65. What seems to us to be vital is that all the initiatives should be pulling in the same direction and that opportunities are sought out and taken to integrate energy efficiency concerns into other policy areas, such as planning and urban regeneration, and legislative proposals as and when these arise. In the absence of a specific institution this requires a comprehensive sustainable energy strategy covering both sources and use to provide clear principles for policy decisions with an energy dimension and clear goals. Mr Meale appeared to agree. He told us: "Our main objective is to have a good, sustainable energy policy" and agreed that there was a need for the Climate Change Programme to include a sustainable energy strategy with very clear targets.[88] We agree that a strategy with clear targets is vital but believe that such a strategy will need championing. We recommend that a new unit with a dedicated staff be given specific responsibility for driving and coordinating policy on energy efficiency; its integration into other policy areas; and for identifying barriers to effective action. The unit should report to the relevant Ministers in both the DETR and DTI and have a remit to advise Ministers on: particular barriers and opportunities in the promotion of energy efficiency throughout all Government policies and programmes; and on what action is needed when logjams have been identified.

Specific programmes

  66. The Government has inherited a number of programmes for promoting energy efficiency covering all sectors of the economy. The focus has been on the provision of advice and information, raising awareness and some incentive funding. The major exceptions are the HEES for fuel poverty (discussed above) and the Standards of Performance scheme which provide substantial funding. In line with IEA recommendations to supplement advice with appropriate incentives[89], the major innovation by this Government has been the announcement of a tax on business use of energy and an associated fund for promoting energy efficiency and renewables.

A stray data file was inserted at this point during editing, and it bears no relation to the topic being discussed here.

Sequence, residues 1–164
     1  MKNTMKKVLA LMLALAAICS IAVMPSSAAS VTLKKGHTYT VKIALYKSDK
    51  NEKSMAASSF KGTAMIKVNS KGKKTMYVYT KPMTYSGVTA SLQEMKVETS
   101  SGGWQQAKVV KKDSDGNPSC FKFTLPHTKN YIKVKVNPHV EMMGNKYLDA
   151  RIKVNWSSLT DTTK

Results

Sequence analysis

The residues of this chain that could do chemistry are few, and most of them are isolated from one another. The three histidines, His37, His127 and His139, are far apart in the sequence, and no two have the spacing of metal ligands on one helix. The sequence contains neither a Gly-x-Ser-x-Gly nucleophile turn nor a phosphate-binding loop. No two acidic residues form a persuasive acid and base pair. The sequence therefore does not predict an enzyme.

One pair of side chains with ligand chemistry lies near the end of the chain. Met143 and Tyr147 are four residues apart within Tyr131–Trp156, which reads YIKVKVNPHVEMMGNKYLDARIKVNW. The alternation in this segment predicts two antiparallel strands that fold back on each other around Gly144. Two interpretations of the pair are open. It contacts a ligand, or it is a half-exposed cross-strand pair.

Funds (£)



DTI's Environmental Technology Best Practice Programme (ETBPP)

Industry: advice and information to encourage business to adopt the optimum environmental technologies (including energy efficiency)



£320m of savings for industry by 2015.

By the end of 1998 £50m savings per year were being achieved

Energy efficiency Best Practice Programme


Industry and business: advice and information to encourage energy efficiency improvements across the UK economy



Energy savings of at least 20 times the direct cost to government.

Per year:

energy savings of £650m and 3.25 MtC

Climate Change Levy

Industry and business: a tax on energy for the promotion of energy efficiency. Rebates will be available for sectors that can offer emissions savings from negotiated agreements


  to raise


1.5 MtC